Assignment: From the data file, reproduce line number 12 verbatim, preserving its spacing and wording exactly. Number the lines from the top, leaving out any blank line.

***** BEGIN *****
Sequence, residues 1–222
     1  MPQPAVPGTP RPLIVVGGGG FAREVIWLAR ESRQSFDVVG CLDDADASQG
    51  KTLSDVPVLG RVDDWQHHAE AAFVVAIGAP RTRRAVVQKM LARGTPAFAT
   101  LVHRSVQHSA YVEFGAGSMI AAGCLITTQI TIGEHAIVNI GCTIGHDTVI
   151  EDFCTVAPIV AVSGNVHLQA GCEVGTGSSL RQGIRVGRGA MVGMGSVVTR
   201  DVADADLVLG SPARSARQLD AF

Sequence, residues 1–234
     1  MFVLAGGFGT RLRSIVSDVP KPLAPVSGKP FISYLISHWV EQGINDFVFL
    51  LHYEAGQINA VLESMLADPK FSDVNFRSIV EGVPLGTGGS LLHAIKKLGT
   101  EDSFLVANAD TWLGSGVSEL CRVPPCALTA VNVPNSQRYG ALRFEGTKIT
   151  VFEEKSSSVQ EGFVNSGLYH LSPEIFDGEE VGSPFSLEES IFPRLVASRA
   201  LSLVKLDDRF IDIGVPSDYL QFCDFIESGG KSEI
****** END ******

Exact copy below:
   201  LSLVKLDDRF IDIGVPSDYL QFCDFIESGG KSEI